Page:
About a year ago, a heated exchange broke out between two of my students. This was a community college, where most of the attendees were first-generation college students. The discussion topic touched on career goals, and a shy nursing student, I’ll call her Cam, spoke for the first time.
Cam did not really want to be in nursing. She was the eldest of several children, and her Cambodian American family came to the US as refugees in the 1970s. Nursing was a guaranteed money-earner, and she needed to help support her large extended family. But what she really wanted was to be a fashion designer. (This was the year Chloe Dao won Project Runway.)
One classmate, young, female, white, first-generation college student then offered Cam suggestions. I’ll call this student Mary. So Mary told Cam to stand up for herself. Mary’s family wanted her to be a nurse too, but she was going into something else (I don’t remember what). In her most encouraging and empathetic tone, Mary suggested that Cam should tell her family that she wanted to do fashion.
Of course, Cam bristled. She said that Mary didn’t understand. That she had responsibilities for her family, and that she couldn’t live with herself if she thought only of herself. she added that she was sorry she started the discussion in the first place, then lapsed into a frustrated silence.
Back to Mary. I’d like to mention that Mary is not an ass, and showed herself to be a hardworking student throughout the semester. But at this particular discussion, she dropped poorly chosen comments, like a reference to Maslow’s hierarchy of needs. Mary said that Cam owed it to herself to strive for “self-actualization.” Mary added that she would hesitate to get treatment from a nurse who was “not happy in life.”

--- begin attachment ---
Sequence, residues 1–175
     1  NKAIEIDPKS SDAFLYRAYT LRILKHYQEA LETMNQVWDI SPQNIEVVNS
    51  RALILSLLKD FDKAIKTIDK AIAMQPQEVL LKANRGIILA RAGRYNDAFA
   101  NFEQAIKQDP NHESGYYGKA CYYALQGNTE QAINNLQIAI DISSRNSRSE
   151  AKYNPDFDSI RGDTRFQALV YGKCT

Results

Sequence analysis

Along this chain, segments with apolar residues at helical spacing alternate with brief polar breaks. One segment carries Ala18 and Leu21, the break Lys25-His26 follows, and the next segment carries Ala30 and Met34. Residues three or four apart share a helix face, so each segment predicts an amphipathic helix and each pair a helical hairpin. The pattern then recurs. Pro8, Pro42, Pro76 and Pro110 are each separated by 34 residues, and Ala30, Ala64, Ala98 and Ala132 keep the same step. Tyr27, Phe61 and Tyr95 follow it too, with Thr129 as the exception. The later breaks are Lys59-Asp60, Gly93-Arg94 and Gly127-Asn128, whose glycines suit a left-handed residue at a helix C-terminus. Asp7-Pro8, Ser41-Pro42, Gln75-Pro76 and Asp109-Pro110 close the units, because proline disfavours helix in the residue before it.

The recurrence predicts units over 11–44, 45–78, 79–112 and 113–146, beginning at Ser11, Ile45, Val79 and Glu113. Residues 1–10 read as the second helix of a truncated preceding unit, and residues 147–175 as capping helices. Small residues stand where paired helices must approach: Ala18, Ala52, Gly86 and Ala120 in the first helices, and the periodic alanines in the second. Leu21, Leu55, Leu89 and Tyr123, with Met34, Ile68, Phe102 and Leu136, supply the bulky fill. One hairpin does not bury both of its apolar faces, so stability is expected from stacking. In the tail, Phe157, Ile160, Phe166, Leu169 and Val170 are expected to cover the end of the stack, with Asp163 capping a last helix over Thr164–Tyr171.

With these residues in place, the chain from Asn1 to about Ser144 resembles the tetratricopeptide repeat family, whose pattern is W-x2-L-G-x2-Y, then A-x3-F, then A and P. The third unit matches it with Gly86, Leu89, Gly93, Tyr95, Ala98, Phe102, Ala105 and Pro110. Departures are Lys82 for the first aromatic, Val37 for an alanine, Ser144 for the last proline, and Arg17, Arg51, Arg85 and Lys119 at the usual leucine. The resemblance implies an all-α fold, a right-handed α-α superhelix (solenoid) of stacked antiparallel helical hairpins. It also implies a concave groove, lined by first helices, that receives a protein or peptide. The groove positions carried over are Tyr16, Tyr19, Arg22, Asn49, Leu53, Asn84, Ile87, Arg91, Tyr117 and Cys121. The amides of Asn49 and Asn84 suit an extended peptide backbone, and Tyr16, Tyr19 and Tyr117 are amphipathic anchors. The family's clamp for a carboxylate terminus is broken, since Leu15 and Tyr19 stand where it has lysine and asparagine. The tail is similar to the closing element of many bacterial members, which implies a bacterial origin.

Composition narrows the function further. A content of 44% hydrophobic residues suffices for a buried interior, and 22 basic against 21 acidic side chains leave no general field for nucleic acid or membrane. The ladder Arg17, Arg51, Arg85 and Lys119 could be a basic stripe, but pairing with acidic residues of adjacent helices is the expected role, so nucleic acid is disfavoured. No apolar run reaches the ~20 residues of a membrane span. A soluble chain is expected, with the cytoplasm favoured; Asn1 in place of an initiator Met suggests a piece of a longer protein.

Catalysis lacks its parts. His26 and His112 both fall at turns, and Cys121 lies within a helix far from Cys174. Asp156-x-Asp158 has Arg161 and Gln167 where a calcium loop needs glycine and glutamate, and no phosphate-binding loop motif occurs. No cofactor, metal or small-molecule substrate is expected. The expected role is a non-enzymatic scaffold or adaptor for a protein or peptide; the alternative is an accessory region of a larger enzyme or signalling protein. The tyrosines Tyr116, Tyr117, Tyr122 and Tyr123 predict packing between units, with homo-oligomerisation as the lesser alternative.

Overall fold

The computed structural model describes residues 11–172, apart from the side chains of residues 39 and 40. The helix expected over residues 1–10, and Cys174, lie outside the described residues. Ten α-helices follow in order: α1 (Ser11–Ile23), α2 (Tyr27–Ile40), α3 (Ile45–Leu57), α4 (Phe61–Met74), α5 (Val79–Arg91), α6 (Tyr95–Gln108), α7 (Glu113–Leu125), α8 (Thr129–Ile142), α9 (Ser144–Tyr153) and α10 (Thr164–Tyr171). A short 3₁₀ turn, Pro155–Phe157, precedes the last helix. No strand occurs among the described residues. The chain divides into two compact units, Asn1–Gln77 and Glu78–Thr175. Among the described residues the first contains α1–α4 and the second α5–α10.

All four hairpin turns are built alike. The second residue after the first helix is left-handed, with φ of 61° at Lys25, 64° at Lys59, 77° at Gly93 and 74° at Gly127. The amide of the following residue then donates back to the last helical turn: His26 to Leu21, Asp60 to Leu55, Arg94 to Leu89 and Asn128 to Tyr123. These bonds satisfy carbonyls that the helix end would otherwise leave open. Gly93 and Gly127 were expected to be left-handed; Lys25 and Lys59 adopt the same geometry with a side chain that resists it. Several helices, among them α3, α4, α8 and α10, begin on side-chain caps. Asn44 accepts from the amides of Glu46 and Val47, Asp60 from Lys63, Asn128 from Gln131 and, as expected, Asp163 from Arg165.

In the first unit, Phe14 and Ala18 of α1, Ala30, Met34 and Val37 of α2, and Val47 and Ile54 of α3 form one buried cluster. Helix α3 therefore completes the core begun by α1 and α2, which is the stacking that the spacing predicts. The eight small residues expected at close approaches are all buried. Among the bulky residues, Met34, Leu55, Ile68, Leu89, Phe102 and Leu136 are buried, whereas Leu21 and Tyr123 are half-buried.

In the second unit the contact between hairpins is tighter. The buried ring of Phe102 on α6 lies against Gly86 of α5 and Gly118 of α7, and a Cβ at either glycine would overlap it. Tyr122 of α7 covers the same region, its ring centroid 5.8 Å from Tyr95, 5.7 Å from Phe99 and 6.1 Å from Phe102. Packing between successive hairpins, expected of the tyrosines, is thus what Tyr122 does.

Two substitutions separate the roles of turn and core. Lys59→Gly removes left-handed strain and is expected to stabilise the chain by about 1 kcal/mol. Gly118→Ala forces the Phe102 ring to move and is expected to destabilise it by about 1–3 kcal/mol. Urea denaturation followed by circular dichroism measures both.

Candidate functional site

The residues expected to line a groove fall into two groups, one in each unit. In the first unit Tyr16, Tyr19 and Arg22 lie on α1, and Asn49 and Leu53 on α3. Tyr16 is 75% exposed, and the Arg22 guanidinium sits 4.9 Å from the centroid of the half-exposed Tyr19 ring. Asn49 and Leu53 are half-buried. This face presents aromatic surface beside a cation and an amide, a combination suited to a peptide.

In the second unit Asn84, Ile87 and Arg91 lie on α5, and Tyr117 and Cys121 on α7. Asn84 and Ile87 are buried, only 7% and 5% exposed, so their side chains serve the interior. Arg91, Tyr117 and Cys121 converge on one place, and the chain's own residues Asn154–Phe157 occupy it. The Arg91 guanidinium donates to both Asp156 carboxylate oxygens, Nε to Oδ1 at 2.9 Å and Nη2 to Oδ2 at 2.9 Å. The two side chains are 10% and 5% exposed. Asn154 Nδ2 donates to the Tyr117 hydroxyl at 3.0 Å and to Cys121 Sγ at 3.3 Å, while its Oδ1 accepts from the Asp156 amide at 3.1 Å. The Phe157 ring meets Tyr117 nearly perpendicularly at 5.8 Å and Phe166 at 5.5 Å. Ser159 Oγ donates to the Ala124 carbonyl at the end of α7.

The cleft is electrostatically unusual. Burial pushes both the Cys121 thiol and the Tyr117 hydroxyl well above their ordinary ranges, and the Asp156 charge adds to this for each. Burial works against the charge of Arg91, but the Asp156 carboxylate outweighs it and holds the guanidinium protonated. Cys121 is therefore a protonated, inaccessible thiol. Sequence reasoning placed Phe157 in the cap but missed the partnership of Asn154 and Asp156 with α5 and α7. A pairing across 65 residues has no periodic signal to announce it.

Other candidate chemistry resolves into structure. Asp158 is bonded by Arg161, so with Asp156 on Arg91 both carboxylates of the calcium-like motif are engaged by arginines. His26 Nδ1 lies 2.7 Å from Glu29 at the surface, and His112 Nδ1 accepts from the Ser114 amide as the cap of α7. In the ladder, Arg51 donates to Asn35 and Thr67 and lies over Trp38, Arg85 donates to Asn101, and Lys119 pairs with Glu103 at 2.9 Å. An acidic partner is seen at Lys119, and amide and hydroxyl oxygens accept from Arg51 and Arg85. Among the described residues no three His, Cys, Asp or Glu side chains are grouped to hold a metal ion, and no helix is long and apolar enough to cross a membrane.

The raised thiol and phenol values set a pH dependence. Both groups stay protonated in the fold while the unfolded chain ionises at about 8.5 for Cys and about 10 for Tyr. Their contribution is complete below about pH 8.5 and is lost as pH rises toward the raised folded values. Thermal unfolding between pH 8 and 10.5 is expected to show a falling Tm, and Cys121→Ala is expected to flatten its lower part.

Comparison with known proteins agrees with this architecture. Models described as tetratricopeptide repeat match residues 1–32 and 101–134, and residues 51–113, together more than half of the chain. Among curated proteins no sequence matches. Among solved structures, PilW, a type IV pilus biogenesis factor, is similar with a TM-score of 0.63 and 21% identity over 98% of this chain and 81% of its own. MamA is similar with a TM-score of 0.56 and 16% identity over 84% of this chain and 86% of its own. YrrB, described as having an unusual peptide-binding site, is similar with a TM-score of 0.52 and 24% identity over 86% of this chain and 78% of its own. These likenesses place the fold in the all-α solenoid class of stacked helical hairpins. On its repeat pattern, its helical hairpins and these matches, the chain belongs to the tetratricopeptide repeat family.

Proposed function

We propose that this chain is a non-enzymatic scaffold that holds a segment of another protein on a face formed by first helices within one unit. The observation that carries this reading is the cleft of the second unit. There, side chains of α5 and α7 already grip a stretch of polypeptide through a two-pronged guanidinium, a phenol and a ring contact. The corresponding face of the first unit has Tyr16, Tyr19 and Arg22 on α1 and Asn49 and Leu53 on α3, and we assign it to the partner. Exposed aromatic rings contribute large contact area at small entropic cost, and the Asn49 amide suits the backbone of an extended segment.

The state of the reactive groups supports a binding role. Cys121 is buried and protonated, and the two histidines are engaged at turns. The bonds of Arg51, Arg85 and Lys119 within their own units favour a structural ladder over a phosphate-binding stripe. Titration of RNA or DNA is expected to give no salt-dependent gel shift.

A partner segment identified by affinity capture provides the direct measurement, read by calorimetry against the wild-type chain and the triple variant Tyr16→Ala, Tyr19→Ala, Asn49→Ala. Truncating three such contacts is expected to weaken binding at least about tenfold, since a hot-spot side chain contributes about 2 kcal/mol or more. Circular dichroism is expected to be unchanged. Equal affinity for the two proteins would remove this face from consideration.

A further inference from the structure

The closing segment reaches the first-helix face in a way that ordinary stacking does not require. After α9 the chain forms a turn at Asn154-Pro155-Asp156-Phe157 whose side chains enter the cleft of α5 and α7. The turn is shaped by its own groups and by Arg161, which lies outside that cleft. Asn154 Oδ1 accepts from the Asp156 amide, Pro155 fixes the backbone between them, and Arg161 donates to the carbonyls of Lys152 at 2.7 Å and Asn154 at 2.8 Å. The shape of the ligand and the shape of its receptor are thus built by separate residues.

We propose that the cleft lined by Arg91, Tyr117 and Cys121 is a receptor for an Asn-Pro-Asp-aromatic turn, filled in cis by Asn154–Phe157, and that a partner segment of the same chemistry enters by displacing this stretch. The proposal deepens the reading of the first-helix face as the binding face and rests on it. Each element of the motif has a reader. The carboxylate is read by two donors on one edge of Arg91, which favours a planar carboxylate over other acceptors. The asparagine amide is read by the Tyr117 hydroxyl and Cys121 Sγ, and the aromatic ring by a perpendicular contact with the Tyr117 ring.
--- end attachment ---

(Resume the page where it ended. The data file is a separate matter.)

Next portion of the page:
It was at this point that I intervened, and the discussion moved on. After the class, I asked Mary and Cam to stay and talk about the exchange, but Cam had another class. She shrugged off the exchange, telling Mary that it was “no big deal.” But Mary was still upset about her own reaction, about looking like a jerk in front of the class. She also said she was worried about Cam’s “situation,” asking how Cam could stomach the unfairness of it all. Mary didn’t understand it at all, and asked if I did.
And well, I did. Maybe I should have been upset about Cam too, but I thought she was going to be okay. She was probably not going to be a fashion designer. One way or another, she was going to have to help out with help out with her family. And she was probably going to resent it sometimes, but somehow I was sure that she would be unhappier if she did not help. I told Mary that the “not happy in life” comment was not cool at all.
Earlier this week, a friend and I were discussing the concept of an Asian American feminist epistemology. She asked for a concrete example of how being an Asian American female could mitigate one’s “ways of knowing.” I’ll continue thinking about Asian American feminist epistemology but as of then, the Cam-Mary exchange was the example that came to mind.